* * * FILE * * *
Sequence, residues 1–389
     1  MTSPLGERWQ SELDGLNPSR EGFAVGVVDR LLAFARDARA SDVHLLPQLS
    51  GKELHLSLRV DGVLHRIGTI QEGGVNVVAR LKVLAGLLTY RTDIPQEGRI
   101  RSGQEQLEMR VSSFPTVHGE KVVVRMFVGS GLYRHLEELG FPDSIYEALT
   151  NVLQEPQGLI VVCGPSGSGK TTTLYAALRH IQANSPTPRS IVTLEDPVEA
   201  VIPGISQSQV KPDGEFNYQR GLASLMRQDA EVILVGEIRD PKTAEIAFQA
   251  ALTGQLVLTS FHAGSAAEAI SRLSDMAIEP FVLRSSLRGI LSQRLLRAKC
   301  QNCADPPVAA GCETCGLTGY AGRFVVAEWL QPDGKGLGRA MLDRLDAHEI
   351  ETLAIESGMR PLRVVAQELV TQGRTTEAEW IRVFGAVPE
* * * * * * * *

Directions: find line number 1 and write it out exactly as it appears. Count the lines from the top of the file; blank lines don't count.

Sequence, residues 1–389